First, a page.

Sexual Violence

What is sexual violence?
Sexual Violence is defined as any unwanted sexual contact. This contact can range from verbal behavior to forced intercourse. Some examples of sexual violence include:

  • Sexual harrasment
  • Indecent exposure
  • Sexual assault (violent contact)
  • Sexual battery (non-violent contact)
  • Molestation
  • Incest
  • Sodomy
  • Rape

A behavior is sexually violent if consent has not been given. Consent is permission that is intelligently and freely given. This means that if someone is being threatened or intimidated, under the influence of drugs or alcohol, or is underage, that person cannot consent to sexual activity. Sexual violence can occur between strangers or between people that know each other. In fact, sometimes the perpetrator is a close friend, significant other, or even a family member. Sexual violence does not discriminate. Anyone can be a victim, regardless of race, gender, age, socioeconomic status or education level.

“Consent is not the absence of a “no,” but the presence of a “yes”.

What to do if you have experienced sexual assault:

  • Call the YWCA 24-Hour hotline for help at 804-643-0888
  • Get to a safe place and contact someone you trust – a friend or family member
  • Seek medical attention as soon as possible. Sexually transmitted diseases, pregnancy and injuries are all concerns for the sexual violence survivor. Evidence collection (to be used if you press charges) will also take place at this time. It is important that you do not bathe, douche, or change clothes after the assault in order to keep physical evidence intact. (Evidence may be collected up to 72 hours after the assault.)
  • Contact the YWCA hotline at 643-0888 for support and crisis intervention. A hospital advocate can meet you at the hospital. She will provide emotional support and information about your rights as a victim.
  • Call the police and report the crime as soon as possible. If you are uncomfortable reporting, you may want to consider an anonymous report.
  • Keep in mind, it is never too late to seek help for sexual violence issues. Even if the violence occurred years ago, you can still benefit from YWCA counseling.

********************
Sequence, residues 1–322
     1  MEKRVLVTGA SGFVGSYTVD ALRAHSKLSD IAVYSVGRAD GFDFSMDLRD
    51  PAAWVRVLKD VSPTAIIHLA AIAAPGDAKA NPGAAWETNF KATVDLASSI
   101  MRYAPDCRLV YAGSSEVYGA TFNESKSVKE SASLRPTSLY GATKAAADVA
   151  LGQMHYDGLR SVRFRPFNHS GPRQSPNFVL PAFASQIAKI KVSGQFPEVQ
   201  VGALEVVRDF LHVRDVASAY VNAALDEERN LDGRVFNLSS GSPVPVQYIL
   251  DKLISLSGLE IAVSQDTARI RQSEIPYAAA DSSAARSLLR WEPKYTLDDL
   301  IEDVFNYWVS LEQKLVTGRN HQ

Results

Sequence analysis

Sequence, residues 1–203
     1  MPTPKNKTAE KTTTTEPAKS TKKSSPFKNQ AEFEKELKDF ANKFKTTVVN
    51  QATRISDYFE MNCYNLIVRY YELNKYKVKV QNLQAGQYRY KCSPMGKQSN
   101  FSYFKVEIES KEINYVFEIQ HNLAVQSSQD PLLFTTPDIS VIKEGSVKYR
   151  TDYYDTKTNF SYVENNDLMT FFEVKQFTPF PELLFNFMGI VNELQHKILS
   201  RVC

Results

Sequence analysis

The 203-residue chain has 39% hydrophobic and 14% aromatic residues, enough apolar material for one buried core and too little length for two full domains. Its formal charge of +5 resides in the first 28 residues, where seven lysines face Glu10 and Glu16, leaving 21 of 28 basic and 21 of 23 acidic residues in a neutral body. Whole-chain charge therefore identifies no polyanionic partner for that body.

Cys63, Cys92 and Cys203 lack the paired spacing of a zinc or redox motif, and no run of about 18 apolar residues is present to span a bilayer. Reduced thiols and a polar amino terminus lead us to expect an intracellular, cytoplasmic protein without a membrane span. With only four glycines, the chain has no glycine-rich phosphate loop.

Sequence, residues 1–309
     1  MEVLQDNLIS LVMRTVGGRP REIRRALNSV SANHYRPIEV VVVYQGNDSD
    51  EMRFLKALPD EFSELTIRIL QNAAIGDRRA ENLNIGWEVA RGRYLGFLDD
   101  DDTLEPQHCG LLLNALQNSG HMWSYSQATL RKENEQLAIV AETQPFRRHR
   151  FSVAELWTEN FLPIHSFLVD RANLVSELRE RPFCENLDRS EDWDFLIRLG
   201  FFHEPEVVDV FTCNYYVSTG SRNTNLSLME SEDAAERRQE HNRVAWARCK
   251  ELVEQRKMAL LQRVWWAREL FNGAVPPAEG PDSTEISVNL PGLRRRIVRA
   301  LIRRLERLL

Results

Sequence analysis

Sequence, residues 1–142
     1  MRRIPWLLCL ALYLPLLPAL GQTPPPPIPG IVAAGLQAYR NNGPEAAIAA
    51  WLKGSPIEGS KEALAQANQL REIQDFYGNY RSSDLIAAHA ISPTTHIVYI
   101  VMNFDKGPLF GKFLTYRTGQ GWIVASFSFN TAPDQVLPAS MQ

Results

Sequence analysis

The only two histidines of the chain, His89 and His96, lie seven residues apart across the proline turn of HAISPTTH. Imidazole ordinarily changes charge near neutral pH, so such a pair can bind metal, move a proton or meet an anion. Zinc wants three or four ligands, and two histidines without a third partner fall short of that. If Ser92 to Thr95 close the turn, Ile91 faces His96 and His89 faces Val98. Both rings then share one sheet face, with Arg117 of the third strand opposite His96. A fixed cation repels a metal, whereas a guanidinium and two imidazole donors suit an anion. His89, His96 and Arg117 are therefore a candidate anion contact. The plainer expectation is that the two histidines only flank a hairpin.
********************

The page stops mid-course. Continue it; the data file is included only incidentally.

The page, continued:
Why did this happen to me?

  • It’s not your fault. It’s natural to wonder why you were singled out as a victim. You may even be blaming yourself for what happened. But remember, it’s not your fault.
  • Sexual assault is an aggressive act: it is about power, control and anger, not about sexuality, passion or lust. No matter what you did or said, what you were wearing, or where you went, you did not deserve to be sexually assaulted. Nothing you did justifies the violence perpetrated against you.

Remember, the YWCA offers free counseling to victims of sexual violence. You can call us 24 hours a day at 804-643-0888.

What to do if a friend has been assaulted:
LISTEN Be supportive and non-judgmental. Concentrate on letting the person express her/himself rather than asking lots of questions or offering advice immediately.

BELIEVE Accept what you hear. This is not the time for cross-examination. Your job is to offer emotional support, not to justify the actions of the assailant or to question the victim’s story.

REASSURE It is important that you do not add to the guilt that the victim is already by blaming him/her for the assault. Let her know that he/she is not to blame. He/She also needs to know that they are still a valuable, worthwhile person and that the assault does not change that.

ENCOURAGE Suggest seeking medical attention and calling the police. Urge him/her to call the YWCA hotline at 804-643-0888 for support and information. Watch out for the tendency to make decisions for her – he/she must make their own decisions. Be supportive without “taking over.” He/she will regain her sense of control and security over time.

Myths about sexual violence

MYTH: Women are usually raped by strangers on a dark city street. FACT: In Virginia, 53% of rapes are committed in the victim’s home.

FACT: 85% of all rapes are committed by acquaintances, friends or relatives.

MYTH: Rapes most often involve a black man raping a white woman. FACT: This situation represents 3% of all rapes.
FACT: In over 90% of rapes, the rapist chooses a victim from the same race and socio-economic background.
MYTH: Women often “cry rape” when they really haven’t been. FACT: 2% of all rapes are false reports, which is no more than in the reporting of other felonies.
MYTH: Women provoke rape or “ask for it” by the way they act or dress. FACT: No one asks to be raped. Rape is a violent crime that is neither pleasant nor desirable.
FACT: No woman’s behavior or dress gives a man the right to rape her. Under no circumstances does a woman relinquish her right to say “NO” to any level of sexual intimacy.
MYTH: Rapists are driven by sexual desire. FACT: Rapists are driven by their desire to commit violence. Rape gratifies their desire to control another person.
FACT: Rapists are often married or have a steady sexual partner.